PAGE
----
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Baicus C, Delcea C, Dima A, Oprisan E, Jurcut C, Dan GA. Influence of decision aids on oral anticoagulant prescribing among physicians: a randomised trial. Eur J Cl; in Invest, 47 (9), pp. 649-58, 2017.

Abstract: BACKGROUND: Oral anticoagulants (OAC) are underused in treatment of atrial
fibrillation (AF), with differences in patient and physician preferences. For
risk communication, the graphic showing risks on treatment contains all the
information, therefore, the graphic showing risks without treatment may not be
necessary. Here, our objective was to assess whether decision aids require
information of risks without treatment and specifically whether presentation of
5-year stroke risk in patients with AF increases use of OACs compared with
presentation of 1-year risk and whether decisions on treatment are different when
physicians decide their own treatment vs. that of the patient.
DESIGN: Randomised controlled trial with 23 factorial design, performed at 12
university hospitals, one internal medicine course and one national medical
RESULTS: Of 968 physicians who participated, 83·3% prescribed anticoagulation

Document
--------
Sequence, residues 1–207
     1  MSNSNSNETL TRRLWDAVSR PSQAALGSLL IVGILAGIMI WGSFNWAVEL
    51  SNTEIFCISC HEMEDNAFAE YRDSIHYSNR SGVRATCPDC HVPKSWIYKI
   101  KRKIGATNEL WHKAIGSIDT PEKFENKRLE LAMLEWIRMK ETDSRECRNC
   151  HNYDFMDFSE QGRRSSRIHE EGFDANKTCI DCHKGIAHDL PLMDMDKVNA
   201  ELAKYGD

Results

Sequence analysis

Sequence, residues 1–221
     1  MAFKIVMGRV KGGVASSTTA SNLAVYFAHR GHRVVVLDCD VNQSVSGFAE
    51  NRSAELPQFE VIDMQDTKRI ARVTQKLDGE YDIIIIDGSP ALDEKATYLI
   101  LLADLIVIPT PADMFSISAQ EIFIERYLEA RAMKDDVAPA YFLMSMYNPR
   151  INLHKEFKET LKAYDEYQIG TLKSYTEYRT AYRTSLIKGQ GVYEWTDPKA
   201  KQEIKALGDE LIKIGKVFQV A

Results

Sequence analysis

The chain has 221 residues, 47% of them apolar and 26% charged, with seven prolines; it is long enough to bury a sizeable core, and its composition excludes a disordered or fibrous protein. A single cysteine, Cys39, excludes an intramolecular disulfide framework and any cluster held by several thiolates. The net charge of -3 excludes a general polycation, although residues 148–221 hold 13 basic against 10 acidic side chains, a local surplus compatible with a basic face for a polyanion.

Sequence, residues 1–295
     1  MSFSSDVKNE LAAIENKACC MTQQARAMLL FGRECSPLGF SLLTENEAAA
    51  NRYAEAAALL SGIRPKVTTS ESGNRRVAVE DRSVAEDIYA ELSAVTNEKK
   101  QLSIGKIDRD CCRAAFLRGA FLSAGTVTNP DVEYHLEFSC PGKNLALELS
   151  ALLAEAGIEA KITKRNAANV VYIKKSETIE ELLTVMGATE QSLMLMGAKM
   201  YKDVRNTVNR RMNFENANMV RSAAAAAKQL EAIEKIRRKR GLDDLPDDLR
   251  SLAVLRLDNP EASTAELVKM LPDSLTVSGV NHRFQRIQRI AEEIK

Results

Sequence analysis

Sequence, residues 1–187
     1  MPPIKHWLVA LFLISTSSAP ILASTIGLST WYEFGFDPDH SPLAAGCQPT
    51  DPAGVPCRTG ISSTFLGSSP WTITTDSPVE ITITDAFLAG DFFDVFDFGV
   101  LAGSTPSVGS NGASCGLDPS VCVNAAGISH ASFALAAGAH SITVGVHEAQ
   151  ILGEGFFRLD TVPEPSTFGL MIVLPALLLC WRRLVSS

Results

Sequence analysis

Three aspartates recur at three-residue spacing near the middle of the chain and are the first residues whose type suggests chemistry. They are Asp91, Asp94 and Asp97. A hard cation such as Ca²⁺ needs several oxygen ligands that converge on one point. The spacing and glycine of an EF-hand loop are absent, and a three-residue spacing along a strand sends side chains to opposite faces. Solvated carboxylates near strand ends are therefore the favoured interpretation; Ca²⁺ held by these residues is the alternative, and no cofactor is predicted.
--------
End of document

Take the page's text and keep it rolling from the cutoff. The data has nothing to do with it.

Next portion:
therapy. Treatment decisions were not influenced by the number of graphics or by
the time frame of risk estimation, with risk differences of 0·5% (95% confidence
interval, -4·0% to 5·4%) and 3·4% (-1·3% to 8·1%). However, physician-to-patient
prescription rates were 5·4% (0·2-10·6%) more frequent after seeing the 5-year
risk graphic. Physician-to-self intentions to prescribe occurred less frequently,
with risk difference of 15·4% (10·8-20%). Physicians considered the baseline risk
and the absolute risk reduction only when prescribing to patients but not to
CONCLUSIONS: Risks could be communicated using decision aids with only one
graphic. Showing the risk of stroke at 5 years could increase the prescription of
OACs to patients with AF. Faced with the same risk of stroke, physicians
prescribed less to themselves than to patients.

Keywords: Anticoagulants; atrial fibrillation; factorial randomised trial; shared decision making; stroke

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Posted by Cristian Baicus


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